A Memory (オモヒデ, 2001) is my favourite short film on Tomoyasu Murata's DVD of his early work entitled My Road (俺の路). It is much more polished than his first attempts at stop motion animation TUG TUG (1998) and An Introduction of Human Zoology (1998). These two early films have a film school feel about them with their inconsistent lighting and experimental use of editing between stop motion and cel animation not to mention the strangely cacophonic soundtracks.
Murata’s early stop motion films also display the dark humour mixed with toilet humour (literally in TUG TUG) that he tends now to reserve for his more flamboyant cel animations. In A Memory Murata (村田朋泰) demonstrates that he has mastered using a minimalist soundtrack with a wide range of camera positions and movement in order to create atmosphere. He has also learned how a few simple visual and aural motifs can create an emotional connection between the film and the spectator.
The film begins quietly, much in the manner of Nostalgia and the films of the Road Series. Murata develops the theme of memory with graphic images of the kanji for numbers and small slips of paper with the traditional names of the months: a visual reminder of the early school days when a child first learns how to recognise kanji through drills. The way the slips of paper with the names of the months flip away also gives the impression of time passing, as in the old Hollywood technique of turning the pages of a calendar. Murata then dissolves from the kanji to an older Japanese-style house, similar to the one used in Nostalgia. In the background, one hears the gentle hum of cicadas, a sound associated with memories of youth and hot summer weather in Japan.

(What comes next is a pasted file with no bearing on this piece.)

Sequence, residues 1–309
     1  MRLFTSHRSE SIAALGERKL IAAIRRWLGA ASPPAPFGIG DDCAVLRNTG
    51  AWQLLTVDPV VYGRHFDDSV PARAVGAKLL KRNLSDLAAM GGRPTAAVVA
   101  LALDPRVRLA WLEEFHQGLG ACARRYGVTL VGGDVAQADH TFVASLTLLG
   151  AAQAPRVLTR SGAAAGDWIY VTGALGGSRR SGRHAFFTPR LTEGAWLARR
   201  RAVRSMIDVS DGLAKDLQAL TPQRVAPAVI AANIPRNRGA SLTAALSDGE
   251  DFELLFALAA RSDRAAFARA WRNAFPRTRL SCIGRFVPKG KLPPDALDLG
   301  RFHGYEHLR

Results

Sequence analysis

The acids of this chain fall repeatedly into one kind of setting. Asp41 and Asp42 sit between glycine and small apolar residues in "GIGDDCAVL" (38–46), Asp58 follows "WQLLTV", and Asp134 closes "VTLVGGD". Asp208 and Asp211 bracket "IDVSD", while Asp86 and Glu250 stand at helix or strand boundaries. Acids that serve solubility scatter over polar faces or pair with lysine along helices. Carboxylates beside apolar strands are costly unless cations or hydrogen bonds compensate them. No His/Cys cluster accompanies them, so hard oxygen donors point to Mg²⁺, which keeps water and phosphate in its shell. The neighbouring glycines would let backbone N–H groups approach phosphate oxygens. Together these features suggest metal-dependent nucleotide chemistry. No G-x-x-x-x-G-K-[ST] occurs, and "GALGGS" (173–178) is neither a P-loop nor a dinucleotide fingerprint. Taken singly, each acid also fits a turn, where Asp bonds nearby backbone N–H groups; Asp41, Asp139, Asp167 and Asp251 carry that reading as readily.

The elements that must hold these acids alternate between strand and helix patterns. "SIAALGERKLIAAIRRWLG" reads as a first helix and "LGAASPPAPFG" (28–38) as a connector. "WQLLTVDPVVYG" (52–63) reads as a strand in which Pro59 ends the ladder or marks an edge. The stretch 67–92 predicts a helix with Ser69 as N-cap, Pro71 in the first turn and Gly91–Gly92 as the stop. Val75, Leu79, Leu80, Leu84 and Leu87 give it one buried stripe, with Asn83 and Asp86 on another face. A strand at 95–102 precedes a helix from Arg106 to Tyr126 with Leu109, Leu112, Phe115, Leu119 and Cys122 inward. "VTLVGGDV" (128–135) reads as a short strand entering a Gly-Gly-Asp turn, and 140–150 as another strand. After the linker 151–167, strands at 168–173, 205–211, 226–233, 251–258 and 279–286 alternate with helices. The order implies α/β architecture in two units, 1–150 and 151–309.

After this establishing shot of the room, the film cuts to a medium shot of an unusual looking feather duster cleaning above a wardrobe. A reverse shot reveals the arm to belong to a robot. This simple series of opening shots, demonstrates Murata’s more sophisticated film-making technique as he sets up the motif of memory, and then plays with our expectation that the film will be about a person’s memory.
In fact, A Memory tells the story of a robot alone in a house who finds a scrap of paper on the floor which at first appears blank, but then becomes animated with a colourful cel animation ‘memory’ of a happy scene from the past of the robot with a young family. The family is depicted as a child might draw their family with crayons. As the family does not appear in the claymation ‘present’, the story is left open to speculation about the whereabouts of the family. Are they away at work or school or is the robot now alone?
Particularly fine touches in A Memory are Murata’s Ozu-inspired framing of the interior of a Japanese house (which he will repeat in Nostalgia) and the subtle manner in which Murata suggests human emotion on the face of the robot. The soundtrack by Fumikazu Sakamaki (坂巻史和) adds emotional depth in a beautifully understated manner. Sakamaki also composed the haunting music for Scarlet Road and White Road.
According to the news on Murata's website, he has had yet another productive year. He has produced several new claymation films this year, has a new book out, and will have a new exhibition opening in Hiratsuka in the spring. I hope that his new shorts will make it to Nippon Connection in Frankfurt next year so that I can report back to you soon!
The images used in this review belong to Tomoyasu Murata Company and may not be reproduced for profit. Please support this artist by checking out his webstore. You can also by the DVD with this film on it at Yesasia:
© Catherine Munroe Hotes 2007